Earlier this week the computer security and antispam communities were puzzling over the sudden silence of the Rustock botnet, a particularly widespread and aggressive network of captive “zombie” computer that may be responsible for up to 40 percent of the world’s spam. Now, details are emerging about how Rustock was taken down—and credit goes to technology giant Microsoft (along with U.S. and international law enforcement) who were able to sever connections between Rustock’s army of captive computers and its command-and-control servers, effectively taking the botnet offline. Microsoft is now working to sanitize botnet computers before Rustock’s operators can find a way to re-harness them.
“[Rustock] is estimated to have approximately a million infected computers operating under its control and has been known to be capable of sending billions of spam mails every day, including fake Microsoft lottery scams and offers for fake—and potentially dangerous—prescription drugs,” said Microsoft’s senior attorney in its Digital Crimes Unit Richard Boscovich, in a blog posting. “We are also now working with Internet service providers and Community Emergency Response Teams (CERTs) around the world to help reach out to help affected computer owners clean the Rustock malware off their computers.”
Microsoft’s action against Rustock was dubbed “Operation b107.” Microsoft’s approach was similar to how the company moved against the Waledac botnet a year ago, following months of investigative work at Microsoft and in conjunction with its partners—Microsoft specifically singles out security researchers at the University of Washington, network security operators FireEye, and the Dutch High Tech Crime Unit.
The actual takedown involved Microsoft and others filing suit against the botnet’s anonymous operators and making a successful pleading before a court to work with law enforcement to conduct a coordinated seizure of Rustock command-and-control servers operating in the United States. According to Microsoft, Rustock command servers were confiscated from five hosting providers in seven U.S. cities (including Kansas City, Scranton, Denver, Dallas, Chicago, Seattle, and Columbus), and coordination with upstream providers helped cut the servers off from the botnet controllers. Microsoft describes Rustock’s infrastructure as considerably more sophisticated than that used by Waledac, relying on hard-coded IP addresses that can’t easily be disrupted through DNS. Microsoft says it also worked with CN-CERT to block registration of domains in China that Rustock ould have used for new command-and-control servers.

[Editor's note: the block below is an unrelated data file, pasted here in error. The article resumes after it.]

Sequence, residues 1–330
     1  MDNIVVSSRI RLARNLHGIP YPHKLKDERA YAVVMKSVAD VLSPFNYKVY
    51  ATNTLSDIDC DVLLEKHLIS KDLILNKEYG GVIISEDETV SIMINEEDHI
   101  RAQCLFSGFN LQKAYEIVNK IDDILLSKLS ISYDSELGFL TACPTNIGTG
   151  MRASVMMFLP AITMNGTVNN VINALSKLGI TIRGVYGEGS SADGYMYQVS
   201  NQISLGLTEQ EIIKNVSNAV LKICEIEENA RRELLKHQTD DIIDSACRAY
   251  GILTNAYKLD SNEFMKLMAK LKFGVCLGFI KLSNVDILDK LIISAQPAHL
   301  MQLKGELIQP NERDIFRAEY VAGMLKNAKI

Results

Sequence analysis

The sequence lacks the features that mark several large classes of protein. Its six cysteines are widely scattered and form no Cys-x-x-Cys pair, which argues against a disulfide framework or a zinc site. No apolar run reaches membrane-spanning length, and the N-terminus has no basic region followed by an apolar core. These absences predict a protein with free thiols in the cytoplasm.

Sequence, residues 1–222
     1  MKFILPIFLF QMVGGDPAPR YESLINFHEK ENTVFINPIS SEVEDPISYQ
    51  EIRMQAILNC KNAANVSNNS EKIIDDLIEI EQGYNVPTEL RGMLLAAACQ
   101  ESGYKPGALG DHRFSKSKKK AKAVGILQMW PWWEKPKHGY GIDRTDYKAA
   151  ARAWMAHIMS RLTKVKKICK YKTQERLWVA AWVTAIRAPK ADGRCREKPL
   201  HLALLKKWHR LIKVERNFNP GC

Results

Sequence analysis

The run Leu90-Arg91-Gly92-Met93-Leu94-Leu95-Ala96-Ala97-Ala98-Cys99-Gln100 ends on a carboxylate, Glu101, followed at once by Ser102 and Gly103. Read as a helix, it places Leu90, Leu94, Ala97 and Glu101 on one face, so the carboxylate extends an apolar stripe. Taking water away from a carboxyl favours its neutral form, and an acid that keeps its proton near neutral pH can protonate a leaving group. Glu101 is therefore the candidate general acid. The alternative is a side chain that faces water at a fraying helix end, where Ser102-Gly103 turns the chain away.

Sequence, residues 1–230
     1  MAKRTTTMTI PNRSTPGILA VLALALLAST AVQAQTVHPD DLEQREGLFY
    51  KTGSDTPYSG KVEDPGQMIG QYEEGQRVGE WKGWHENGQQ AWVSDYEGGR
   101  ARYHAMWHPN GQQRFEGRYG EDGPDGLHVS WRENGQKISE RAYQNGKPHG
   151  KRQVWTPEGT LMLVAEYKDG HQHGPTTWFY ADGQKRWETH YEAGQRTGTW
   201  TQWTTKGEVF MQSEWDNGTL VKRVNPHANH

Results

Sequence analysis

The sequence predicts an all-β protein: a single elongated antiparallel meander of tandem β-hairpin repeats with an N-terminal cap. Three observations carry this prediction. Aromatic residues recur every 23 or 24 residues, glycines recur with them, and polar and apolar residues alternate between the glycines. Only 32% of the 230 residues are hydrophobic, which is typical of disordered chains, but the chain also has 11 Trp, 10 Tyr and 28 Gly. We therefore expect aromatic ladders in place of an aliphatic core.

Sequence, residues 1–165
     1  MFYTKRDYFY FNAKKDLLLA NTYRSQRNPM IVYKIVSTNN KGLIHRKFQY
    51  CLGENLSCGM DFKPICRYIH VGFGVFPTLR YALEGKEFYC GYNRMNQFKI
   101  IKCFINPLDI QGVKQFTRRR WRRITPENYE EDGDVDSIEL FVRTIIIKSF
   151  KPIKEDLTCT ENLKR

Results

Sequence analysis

Interestingly, drug-maker Pfizer is a party to the suits brought against Rustock’s operator, with its declaration that the drugs advertised via much of the spam sent by Rustock often have incorrect active ingredients, improper dosages, or are even contaminated with pesticides, lead, and other toxins.
At the moment, it’s safest to say Rustock has been made inactive, rather than having been taken down: the estimated million infected zombie computers are still out there, and if Rustock’s creators are wily they might be able to regain control over some portion of them. Microsoft emphasizes it’s strategy doesn’t just involve cutting the heads off botnets, but also cleaning malware off infected computers so the botnet can’t come back to life.
- The internet’s free-wheeling spirit is dying, and we have malware to thank
- The best free antivirus platforms for Mac in 2019
- Russia will ‘unplug’ from the internet as part of a cyber-defense test
- The best shows on Netflix right now (March 2019)
- Nearly a million Facebook users followed these fake Russian accounts